All churches have to make a decision about the confidentiality of contributions. The IRS requires churches to track who gives how much so they can issue a receipt, but otherwise the law is pretty much silent on the question.
So whoever makes the church’s deposits will know how much the checks are for, and if this is the bookkeeper, the bookkeeper will track gifts by donor. (If your church allows electronic giving, software will track gifts automatically.)
Beyond this bare necessity, church practices vary quite a bit. Here are Thom Rainer’s observations on practices:
- The lead pastor and one layperson. This perspective argues that financial stewardship is a spiritual discipline, and the pastor should have access to individual giving to be able to see how the members are doing in this regard. The layperson, of course, is the person who actually keeps the records.
- One layperson who guides the pastor. The layperson again is the member keeping financial records. He or she is the only one who has access to giving records. But that person is able to share information with the pastor or other leaders as needed. For example, the financial secretary can inform the pastor or elders about potential future elders according to their giving patterns. I took this approach as a pastor. I did not have access to individual giving patterns, but our financial secretary would let me and other leaders know if a person should be eligible for a leadership role according to that person’s stewardship in the church.
- One layperson only. In this example, only the financial secretary (or equivalent) has access to individual giving records. He or she does not provide any input that would reflect this information.
- A key group in the church. In some churches, this group is the elders. In some other churches, it is the nominating committee.
- A staff person other than the pastor and a layperson. The pastor is specifically precluded from individual giving visibility. Instead, another staff person, such as an associate or executive pastor, has access to the records along with the financial secretary.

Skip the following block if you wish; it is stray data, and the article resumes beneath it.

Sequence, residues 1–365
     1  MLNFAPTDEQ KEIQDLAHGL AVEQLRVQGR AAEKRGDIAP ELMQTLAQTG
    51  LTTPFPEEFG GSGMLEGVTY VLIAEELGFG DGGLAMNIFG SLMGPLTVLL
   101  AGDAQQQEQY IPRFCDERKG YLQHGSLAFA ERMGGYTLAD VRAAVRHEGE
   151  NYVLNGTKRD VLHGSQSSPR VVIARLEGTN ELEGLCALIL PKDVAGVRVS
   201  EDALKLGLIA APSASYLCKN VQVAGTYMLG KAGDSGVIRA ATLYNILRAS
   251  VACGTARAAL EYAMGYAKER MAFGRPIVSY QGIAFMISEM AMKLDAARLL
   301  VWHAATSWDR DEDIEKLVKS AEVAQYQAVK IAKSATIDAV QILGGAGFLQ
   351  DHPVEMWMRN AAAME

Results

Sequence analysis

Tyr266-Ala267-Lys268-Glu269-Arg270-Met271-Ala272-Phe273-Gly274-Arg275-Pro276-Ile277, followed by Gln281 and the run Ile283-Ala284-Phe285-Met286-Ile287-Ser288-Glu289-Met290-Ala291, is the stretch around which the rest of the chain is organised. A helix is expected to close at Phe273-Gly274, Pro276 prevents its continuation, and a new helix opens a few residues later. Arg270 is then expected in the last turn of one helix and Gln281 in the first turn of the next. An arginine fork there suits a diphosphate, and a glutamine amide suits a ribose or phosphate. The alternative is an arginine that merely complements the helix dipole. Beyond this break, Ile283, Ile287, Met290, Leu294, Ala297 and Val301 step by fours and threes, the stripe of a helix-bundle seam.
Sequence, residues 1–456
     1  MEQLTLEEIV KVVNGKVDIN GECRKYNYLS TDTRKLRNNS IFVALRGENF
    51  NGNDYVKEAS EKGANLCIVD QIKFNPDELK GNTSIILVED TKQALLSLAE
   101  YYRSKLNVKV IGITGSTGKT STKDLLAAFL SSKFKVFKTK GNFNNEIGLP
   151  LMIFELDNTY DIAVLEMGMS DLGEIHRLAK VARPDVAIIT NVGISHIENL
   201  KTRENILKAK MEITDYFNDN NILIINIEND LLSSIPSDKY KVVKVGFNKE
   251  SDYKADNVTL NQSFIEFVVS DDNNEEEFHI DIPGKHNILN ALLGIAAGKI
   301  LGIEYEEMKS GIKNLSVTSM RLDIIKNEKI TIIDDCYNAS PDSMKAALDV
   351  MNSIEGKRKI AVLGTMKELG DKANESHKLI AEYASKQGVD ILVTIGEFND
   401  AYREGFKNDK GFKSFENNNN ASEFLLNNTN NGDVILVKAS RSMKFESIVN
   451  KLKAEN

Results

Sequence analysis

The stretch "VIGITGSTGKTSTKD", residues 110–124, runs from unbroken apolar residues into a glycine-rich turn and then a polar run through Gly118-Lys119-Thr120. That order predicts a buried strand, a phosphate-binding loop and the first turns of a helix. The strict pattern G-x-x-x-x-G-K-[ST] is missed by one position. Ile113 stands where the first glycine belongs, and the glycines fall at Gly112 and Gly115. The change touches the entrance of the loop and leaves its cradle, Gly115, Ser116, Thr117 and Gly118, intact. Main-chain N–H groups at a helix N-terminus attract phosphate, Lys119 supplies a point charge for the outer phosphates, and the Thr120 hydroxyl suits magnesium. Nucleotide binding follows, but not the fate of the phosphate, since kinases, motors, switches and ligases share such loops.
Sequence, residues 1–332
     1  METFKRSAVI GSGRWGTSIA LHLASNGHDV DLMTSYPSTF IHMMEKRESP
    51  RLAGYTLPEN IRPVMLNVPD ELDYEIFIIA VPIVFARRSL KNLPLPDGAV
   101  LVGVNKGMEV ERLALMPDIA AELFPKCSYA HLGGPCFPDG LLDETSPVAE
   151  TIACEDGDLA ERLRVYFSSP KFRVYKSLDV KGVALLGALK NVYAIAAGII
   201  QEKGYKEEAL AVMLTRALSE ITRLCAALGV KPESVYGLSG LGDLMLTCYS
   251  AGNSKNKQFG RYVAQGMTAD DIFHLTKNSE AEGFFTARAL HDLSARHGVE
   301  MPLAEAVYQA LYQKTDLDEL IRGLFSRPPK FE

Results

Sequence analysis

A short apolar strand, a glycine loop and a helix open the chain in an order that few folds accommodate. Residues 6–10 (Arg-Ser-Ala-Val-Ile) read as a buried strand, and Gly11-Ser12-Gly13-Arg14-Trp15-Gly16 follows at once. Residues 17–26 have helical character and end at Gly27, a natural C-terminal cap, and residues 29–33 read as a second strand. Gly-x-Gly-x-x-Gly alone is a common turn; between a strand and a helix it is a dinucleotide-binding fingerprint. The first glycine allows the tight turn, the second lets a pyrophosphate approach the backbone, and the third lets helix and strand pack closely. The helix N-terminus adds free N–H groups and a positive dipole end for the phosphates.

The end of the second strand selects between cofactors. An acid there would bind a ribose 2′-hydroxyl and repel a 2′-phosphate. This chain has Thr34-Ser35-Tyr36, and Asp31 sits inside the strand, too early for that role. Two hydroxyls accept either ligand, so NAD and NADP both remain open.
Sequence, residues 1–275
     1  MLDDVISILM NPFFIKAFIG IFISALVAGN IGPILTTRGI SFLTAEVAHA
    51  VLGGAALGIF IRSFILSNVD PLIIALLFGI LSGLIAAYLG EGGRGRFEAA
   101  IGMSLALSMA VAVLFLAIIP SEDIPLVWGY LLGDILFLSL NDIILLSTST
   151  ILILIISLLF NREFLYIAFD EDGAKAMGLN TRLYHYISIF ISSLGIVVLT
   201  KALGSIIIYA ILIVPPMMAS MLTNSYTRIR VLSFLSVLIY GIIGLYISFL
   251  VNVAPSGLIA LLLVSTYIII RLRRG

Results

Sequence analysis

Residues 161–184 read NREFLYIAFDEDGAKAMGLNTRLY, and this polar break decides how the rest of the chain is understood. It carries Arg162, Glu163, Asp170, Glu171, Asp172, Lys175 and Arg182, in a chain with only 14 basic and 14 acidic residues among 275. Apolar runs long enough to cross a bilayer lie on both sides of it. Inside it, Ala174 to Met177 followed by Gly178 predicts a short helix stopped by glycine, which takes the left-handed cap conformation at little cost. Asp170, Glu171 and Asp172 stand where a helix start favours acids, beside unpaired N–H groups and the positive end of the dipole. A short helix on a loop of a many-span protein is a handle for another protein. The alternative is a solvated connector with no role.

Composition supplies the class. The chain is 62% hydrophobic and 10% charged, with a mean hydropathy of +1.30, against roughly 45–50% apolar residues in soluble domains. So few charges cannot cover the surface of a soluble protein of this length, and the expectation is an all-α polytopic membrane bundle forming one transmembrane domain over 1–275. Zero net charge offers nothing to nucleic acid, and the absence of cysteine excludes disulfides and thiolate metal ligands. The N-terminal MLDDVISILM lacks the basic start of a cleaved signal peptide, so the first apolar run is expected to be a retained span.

- No church members. No church member can see the records. Instead, a non-member is recruited or hired to keep the records, but that person does not share the information with any church members.
No one makes the information available to the entire church. Transparency does have its limits.
When I was in high school, there was a sermon commonly preached in which the argument was made that the elders had the right not only to see contributions (most would agree) but also to see tax returns (many would not agree). Evidently, some congregations needing more money had taken up the practice of comparing donations to income and meeting with families to discuss a failure to tithe! As you can imagine, this did not catch on.
In my experience, most elderships do not routinely review giving. And my experience is that many members assume to the contrary — assuming that if they hold their check or half their check that the elders will notice. And this is largely untrue — unless you man up and tell the elders what you’re doing and why rather than being passive-aggressive and hoping they notice and ask you.
Should the elders routinely review giving? Should they know? If giving drops, should they check to see if some members have quit giving?
And this raises a related question: if you’re not happy with the elders, is it okay to cut your check? To stop giving altogether? If so, are you bound to go to them and tell them your concerns (and that you’ve cut your giving)? Or should you expect them to notice and come to you?